It has been a busy few weeks in the education world in Scotland, with what has felt like hunners of literacy reports and results being published. Having read them all, I am disappointed to find a lack of specific advice as to what schools could actually do right now, to address the attainment gap problem we spend so much time talking about.In an ideal world, the optimum conditions for the learning and teaching of reading have been developed and nurtured from birth – or even before it – talking to, reading to and playing music for your bump are recommended in my book! Those precious pre-school years should be filled with buckets of love, fun, sand, talk, mud and worms, books, cuddles, bedtime stories – and all the other things that contribute not only to a happy and healthy childhood, but to a natural curiosity about the world. Make no mistake; I believe that the crucial work we are undertaking to ensure that Scotland is the #bestplacetogrowup, such as Bookbug, Play Talk Read, and the Early Years Collaborative etc. is essential and should continue to make progress, and make a difference for families and children.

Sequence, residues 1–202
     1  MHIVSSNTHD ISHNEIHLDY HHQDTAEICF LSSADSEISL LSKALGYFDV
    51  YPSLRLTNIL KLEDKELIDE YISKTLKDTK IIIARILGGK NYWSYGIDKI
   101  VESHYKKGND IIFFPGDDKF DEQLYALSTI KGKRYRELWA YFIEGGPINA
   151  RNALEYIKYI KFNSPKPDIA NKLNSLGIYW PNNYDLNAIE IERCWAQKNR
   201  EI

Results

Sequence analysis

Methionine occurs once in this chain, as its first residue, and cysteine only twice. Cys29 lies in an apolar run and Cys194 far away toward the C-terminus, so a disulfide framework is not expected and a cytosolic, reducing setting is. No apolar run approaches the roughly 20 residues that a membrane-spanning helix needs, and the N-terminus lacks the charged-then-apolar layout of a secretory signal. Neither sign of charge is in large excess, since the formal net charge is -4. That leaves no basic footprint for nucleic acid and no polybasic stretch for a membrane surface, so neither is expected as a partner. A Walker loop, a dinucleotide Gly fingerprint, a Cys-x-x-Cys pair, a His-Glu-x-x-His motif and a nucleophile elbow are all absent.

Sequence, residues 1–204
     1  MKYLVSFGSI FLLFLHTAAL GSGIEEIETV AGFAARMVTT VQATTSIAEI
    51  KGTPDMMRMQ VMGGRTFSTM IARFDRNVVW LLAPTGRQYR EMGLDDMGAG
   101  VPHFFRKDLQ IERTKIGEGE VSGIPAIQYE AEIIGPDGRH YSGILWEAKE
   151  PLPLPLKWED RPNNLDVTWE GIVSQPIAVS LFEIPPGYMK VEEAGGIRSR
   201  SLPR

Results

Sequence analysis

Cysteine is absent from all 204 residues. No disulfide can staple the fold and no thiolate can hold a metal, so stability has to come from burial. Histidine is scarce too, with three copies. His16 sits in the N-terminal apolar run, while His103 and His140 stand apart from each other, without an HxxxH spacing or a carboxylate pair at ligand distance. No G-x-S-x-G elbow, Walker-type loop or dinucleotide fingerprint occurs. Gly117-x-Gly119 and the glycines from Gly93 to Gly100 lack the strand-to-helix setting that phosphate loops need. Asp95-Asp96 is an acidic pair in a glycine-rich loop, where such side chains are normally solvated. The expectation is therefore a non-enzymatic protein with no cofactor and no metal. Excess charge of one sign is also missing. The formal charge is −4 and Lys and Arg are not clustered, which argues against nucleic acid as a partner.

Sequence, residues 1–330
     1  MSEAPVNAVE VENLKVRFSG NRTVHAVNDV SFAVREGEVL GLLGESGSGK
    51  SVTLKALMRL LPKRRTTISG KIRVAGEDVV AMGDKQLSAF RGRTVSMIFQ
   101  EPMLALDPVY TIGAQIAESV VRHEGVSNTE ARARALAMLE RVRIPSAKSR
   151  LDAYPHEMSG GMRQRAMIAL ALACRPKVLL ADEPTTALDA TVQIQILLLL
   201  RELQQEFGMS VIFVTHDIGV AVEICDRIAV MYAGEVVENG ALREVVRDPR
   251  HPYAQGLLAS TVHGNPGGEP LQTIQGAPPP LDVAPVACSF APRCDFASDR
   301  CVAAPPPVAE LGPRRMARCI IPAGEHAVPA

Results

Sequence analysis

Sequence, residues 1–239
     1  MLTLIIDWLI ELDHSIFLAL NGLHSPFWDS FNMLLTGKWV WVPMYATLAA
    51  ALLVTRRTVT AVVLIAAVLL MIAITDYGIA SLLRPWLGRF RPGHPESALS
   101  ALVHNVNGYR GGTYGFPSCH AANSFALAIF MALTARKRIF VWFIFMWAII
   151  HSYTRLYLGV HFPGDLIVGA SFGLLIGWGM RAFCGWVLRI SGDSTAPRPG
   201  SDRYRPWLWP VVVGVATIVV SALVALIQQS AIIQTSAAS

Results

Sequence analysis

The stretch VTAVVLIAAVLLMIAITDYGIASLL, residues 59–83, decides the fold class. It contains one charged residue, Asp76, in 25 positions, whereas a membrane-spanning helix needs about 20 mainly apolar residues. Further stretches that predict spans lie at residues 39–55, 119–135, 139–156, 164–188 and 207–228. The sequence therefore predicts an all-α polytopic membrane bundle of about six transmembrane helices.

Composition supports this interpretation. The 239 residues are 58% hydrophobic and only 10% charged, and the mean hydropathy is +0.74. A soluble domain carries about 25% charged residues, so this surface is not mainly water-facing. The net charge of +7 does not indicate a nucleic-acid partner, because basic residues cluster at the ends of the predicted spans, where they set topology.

However, as a teacher, I also believe that it is our duty to ensure that – regardless of circumstances, deprivation or difficulty – that every child in our school is taught how to read. I truly believe that, through using the most effective methods and skilled teaching and learning, that teachers can level the playing field and provide the transformation that our children from deprived backgrounds so desperately need. In short, I am certain that teaching holds the key to closing the attainment gap and locking the door behind it.
Here then, are my suggestions as to what practical steps schools can take to get rid of the gap for good. We need to:
· Admit we have a problem. No matter how hard we’ve worked, no matter how difficult it is to acknowledge – we need to recognise and accept that what we are currently doing is not working.